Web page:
I am finally in my capstone! I am delighted to know that the end ... yes, and the start of BIG loan payments, is close. But the end is in sight.
Meanwhile, I am suffering from monstrous writer's block. I am supposed to be writing the first part to my curriculum development project right now, outlining my journey and interest in my subject area. But goodness! It sounds like I have a stick stuck ... you know what I mean! So, here are my rambles just to get my brain "turned off" and my fingers moving. Thank you for subjecting yourself to it.
It has been quite a journey. When I started my master's program, my options at the local satellite campus was either administration or Practices in Teaching with a focus in Urban Education. I chose the latter rather than the formal, for truly administrators and kindergarten teachers both hold special places in my heart. When I began my program, I was teaching in a middle school gifted and talented program. I now teach Technology and Media at a newly-formed STEM elementary school. I love it! Though I loved middle school, I can't beat the environment I teach in, and I feel like I contribute to that environment.
I turn 30 in a few short months and I really thought I would fear it. Grumble about it. Though I might grumble jokingly about turning "old," I wouldn't want to be anywhere else. Goodness, the people who warn high school and college students about leaving behind the best days of their lives don't have a clue. I don't see it! Things keep getting better and better.
Working on my capstone has made me look back and consider how very far I have come in my teaching experience. Days before I graduated with my undergraduate, my mentor teacher suggested that I was not cut out for teaching and that I did not seem to have the passion for it. That hurt. But I could also see what she meant. For several personal reasons, senior year of college was really hard. More than anything, I graduated a 4 1/2 or 5 year program in 4 years and it had caught up with me. I was competing during my internship with another intern whose vibrant personality and uber-organizational skills made me feel incompetent. Here nor there, I left that experience ready to show what a masterful teacher I could be.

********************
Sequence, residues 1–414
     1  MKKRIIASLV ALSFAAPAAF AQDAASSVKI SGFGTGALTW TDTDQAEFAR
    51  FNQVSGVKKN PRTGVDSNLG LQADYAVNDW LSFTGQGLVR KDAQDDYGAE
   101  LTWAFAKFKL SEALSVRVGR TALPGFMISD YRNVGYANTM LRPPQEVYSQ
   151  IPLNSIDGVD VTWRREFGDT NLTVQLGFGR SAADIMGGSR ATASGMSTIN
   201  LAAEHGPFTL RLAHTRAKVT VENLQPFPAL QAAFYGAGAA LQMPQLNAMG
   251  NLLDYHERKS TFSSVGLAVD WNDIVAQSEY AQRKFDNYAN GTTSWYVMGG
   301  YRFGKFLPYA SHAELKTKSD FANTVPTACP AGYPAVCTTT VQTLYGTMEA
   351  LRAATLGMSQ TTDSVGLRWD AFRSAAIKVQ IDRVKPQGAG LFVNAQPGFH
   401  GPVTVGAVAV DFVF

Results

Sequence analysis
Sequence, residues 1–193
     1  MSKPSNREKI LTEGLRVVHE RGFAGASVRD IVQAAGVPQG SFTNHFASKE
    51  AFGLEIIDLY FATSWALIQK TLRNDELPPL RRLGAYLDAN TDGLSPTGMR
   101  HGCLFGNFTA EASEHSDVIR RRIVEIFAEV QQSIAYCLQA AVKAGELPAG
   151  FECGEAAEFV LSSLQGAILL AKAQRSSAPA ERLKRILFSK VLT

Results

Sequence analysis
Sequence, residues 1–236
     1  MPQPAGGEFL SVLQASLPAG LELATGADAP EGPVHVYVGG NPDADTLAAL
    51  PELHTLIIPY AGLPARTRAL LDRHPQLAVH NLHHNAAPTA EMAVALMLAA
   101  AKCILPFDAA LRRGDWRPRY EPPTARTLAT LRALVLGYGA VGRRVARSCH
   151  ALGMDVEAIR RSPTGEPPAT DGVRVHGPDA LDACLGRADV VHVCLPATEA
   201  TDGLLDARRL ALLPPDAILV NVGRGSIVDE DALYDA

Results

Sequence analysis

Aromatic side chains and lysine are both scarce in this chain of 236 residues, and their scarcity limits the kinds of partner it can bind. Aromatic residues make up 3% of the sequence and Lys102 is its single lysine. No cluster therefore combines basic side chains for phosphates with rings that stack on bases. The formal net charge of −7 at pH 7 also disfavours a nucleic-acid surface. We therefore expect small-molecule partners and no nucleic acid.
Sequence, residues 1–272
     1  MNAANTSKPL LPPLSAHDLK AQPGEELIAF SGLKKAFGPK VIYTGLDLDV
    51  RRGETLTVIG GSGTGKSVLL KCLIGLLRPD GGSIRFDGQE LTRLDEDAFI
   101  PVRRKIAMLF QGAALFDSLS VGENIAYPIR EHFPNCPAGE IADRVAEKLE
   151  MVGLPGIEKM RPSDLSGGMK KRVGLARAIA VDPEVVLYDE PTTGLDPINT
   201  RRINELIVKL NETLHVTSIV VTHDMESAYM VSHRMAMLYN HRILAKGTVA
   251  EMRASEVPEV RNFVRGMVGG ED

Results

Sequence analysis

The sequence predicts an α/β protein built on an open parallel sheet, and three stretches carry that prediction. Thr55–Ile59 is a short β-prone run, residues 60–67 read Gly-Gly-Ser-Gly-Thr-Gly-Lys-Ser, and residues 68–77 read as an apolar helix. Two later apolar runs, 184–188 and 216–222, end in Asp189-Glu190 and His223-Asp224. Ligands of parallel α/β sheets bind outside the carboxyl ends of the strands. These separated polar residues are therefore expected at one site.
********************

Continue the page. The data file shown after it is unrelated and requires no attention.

I substitute taught and tutored for a national tutoring agency for the next year, gaining experience, sharing my name, and taking notes. What did I like about the classes I visited? What annoyed me? What worked? What didn't.
My first job was as a Library Technology Specialist for a charter agency. It was a great opportunity for me. I received over 90 hours of professional development in my first year of teaching alone! It wasn't without it's bumps, but after two years, I got married and moved to Battle Creek. And here I am.
I landed a job teaching middle school gifted and talented. I learned a lot about what it meant to create a classroom environment that actually mirrored wat I believed in.
And I am blessed to have come even farther than that. My journey through so many neat positions has imparted with me a wealth of knowledge and a passion for the multiple literacies to which our students must be exposed and fluent. And now I see that multiple literacies and high expectations are not enough; I've got to help my students see through the media messages that are repeated day in and day out and continue to oppress some and empower others.
It's with a commitment to learn how to integrate critical media literacy into my classroom that I move forward from here. I am moving forward despite an u-g-l-y day today (and my first attempt to discuss stereotypes with kids). Still, I am hoping that my muses of Paulo Freire, Jeff Share, Joan Wink, Stephanie Harvey, and Harvey Daniels help me do what is best for kids and continue to learn, grow, and for heaven's sake ... get my master's capstone done!